December 24, 2008

Black Narcissus


Directors: Michael Powell/Emeric Pressburger

100 min


Our synopses give away the plot in full, including surprise twists

The Himalayas, during the final years of the British Empire. A group of Anglican nuns, led by the young Sister Clodagh, travel to a remote village in the Himalayas to establish a religious community under the patronage of a local General. The youngest Sister Superior, Clodagh’s seniors have doubts about her, whilst Clodagh doubts some of her own fellow nuns, including Sister Ruth, seen as a ‘problem’. Dean, the local agent, warns that this is no place for a nunnery. Dean has an emotional effect on Sisters Clodagh and Ruth. Clodagh begins to recall her romantic rejection in Ireland, which led her to become a nun, whilst Ruth falls in love with Dean and becomes more emotionally unstable.

The General’s son studies at the school but becomes attracted to, and then involved with a local Indian girl, Kanchi, of a lesser caste. As Ruth becomes more ill and irrational, she believes Clodagh is trying to force her out of the order so that she can have Dean to herself. Other sisters are losing faith and want to be transferred. When a sick boy is unable to be saved, the locals blame the nuns and abandon them. Ruth then attempts to kill Clodagh but dies in the process. The nuns finally leave this location.


One of the finest examples of the Powell/Pressburger canon, ‘Black Narcissus’ could have a credible claim as one of the greatest films to ever emerge from these shores. Produced during an intensively creative peak (1946-1948), which also included ‘The Red Shoes’ and ‘A Matter of Life and Death’, ‘Black Narcissus’ is a melodrama of the highest order, complete with dazzling use of colour and cinematography, utilises studio resources to recreate the Himalayas from Pinewood, and bursts with passion and emotional torment.

From the start, there is no pretence that the religious community that is being established will succeed. There is overt suspicion immediately, from a current Sister Superior who does not feel Clodagh is ready or experienced enough for this role to Dean’s warnings about the environment, that there is something here that makes everything exaggerated. The ‘palace’ used for the nunnery was the General’s house for his numerous women, which suggests a place that arouses strong emotions. The nuns all have turbulent emotional backgrounds, including Clodagh, reeling from an affair that turned sour. Ruth has been a problem to the Church for some time, and her instability turns into full-blown erotomania in the dizzying Himalayas. It probably is not just something in the air, but the effect of Dean himself. These women have suppressed their emotions in the name of religion, but interaction with a sensuous man who is responsible for them awakens these passions; even Clodagh’s judgement is called into question. Powell merges these passions and the environment to exaggerated levels to demonstrate the downfall of the religious order.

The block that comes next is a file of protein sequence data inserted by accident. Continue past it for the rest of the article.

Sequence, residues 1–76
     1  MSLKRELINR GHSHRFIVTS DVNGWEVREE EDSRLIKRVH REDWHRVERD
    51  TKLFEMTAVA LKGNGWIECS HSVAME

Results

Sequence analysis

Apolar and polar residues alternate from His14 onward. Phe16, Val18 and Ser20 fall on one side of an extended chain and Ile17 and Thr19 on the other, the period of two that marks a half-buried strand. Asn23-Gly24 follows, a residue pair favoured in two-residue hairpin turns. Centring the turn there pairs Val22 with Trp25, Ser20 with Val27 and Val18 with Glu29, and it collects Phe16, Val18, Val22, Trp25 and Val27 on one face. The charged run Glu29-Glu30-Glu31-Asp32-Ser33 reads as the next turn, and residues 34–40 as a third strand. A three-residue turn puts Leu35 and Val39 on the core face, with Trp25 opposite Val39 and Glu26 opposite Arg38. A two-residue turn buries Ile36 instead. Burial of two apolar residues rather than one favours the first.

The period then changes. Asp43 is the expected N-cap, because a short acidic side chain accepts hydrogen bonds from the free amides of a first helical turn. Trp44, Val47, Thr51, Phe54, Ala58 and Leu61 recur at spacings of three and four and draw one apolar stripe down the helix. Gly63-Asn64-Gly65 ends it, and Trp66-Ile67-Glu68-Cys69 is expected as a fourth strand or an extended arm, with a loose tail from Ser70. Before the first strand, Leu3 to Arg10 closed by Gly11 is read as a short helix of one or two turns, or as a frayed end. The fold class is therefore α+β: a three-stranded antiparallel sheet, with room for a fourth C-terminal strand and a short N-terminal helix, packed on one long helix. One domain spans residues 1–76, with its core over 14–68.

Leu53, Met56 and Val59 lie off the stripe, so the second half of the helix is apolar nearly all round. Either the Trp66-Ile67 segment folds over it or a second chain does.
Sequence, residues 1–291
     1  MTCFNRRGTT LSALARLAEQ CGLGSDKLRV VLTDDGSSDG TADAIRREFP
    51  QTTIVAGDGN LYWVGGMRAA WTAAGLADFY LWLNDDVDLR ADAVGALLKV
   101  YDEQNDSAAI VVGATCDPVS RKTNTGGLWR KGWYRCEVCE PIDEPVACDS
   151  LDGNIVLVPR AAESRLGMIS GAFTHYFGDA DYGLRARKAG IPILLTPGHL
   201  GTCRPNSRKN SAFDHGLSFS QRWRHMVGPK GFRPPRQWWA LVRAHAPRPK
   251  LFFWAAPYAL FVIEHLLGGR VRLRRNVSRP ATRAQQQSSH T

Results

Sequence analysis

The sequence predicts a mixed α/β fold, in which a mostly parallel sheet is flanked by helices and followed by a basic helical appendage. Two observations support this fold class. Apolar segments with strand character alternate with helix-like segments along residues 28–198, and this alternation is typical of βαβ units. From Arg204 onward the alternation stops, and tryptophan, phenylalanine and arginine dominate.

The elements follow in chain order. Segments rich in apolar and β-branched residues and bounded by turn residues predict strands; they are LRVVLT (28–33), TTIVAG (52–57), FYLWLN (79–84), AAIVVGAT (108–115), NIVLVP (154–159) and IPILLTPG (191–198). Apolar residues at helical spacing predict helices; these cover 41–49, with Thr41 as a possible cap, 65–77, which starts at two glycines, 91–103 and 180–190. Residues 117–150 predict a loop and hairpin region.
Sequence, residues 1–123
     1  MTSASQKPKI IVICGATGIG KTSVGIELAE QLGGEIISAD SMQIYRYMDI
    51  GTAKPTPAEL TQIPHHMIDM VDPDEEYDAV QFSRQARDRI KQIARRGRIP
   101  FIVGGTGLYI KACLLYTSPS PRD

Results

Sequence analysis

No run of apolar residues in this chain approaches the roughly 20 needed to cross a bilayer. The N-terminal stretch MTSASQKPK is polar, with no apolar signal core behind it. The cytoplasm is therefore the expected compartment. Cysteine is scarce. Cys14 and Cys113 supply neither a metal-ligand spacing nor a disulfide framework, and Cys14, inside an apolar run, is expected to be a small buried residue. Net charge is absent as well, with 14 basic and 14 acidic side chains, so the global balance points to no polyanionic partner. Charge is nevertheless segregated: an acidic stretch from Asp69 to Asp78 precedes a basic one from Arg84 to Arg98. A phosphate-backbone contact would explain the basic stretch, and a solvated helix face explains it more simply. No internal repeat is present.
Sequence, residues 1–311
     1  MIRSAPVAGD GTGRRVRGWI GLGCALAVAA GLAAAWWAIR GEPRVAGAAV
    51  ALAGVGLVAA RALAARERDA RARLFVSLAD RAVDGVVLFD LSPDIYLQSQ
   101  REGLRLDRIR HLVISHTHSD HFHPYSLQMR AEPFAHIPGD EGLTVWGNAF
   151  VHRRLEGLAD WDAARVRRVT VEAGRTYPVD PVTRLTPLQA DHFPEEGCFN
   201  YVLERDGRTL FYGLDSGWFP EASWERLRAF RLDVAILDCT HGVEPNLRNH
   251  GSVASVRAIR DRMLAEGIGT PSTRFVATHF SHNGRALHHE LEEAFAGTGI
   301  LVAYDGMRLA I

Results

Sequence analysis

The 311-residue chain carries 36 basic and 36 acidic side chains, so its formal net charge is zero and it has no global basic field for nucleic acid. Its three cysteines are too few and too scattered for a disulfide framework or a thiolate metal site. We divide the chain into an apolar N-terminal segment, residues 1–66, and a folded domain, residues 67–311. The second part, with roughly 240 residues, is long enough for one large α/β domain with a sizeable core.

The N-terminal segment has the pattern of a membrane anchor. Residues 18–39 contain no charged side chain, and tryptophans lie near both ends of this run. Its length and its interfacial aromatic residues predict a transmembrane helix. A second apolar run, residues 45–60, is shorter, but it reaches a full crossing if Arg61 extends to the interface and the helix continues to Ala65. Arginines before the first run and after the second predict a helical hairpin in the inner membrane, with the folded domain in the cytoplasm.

Part of the success of creating such a dizzying environment where people lose their senses is paradoxically because Powell and Pressburger create such an obviously artificial world. This was no doubt partly because of the difficulties and costs involved in location shooting. Melodramas arguably work finest when not immersed in reality, but by using imagination and innovation to reflect the mindsets of their protagonists and the worlds they inhabit. ‘Black Narcissus’ features extensive use of painted backdrops for the Himalayan settings and scale models for the exteriors of the convent. There seems little effort to disguise the lack of reality of these settings, but then this is a world where people are acting out of the ordinary.

Although nominally Clodagh is the film’s central character and the film’s central theme is her improbable attempts to establish a religious order in the Himalayas, Powell and Pressburger shift their emphasis around midway through the film to focus on Ruth and her growing instability. Her situation then begins to drive the film’s narrative. ‘Black Narcissus’ then becomes even more stylistically imaginative than previously as the directors explore Ruth’s inner emotions, which rise to the surface. During her hysteria, there is a greater emphasis on close ups than ever before, capturing the sweat on her forehead with such microscopic detail; her fever is not just caused by the climate but by repressed sexual passions. One of the iconic moments of the film reflect her final rejection of her vows; a scene between her and Clodagh. Ruth is wearing secular clothing but applies make up rather deliberately and slowly in front of Clodagh and is shot with an exceptionally intense close up on her mouth. Now she is no longer part of the religious order, her sexual passions explode, as shown in the subsequent scene with Dean where she tells him she loves him. As her jealousy and hysteria escalates, she faints, superbly demonstrated as the screen is filled red (which is also used in Hitchcock’s ‘Marnie’, whether consciously or otherwise) before fading to black.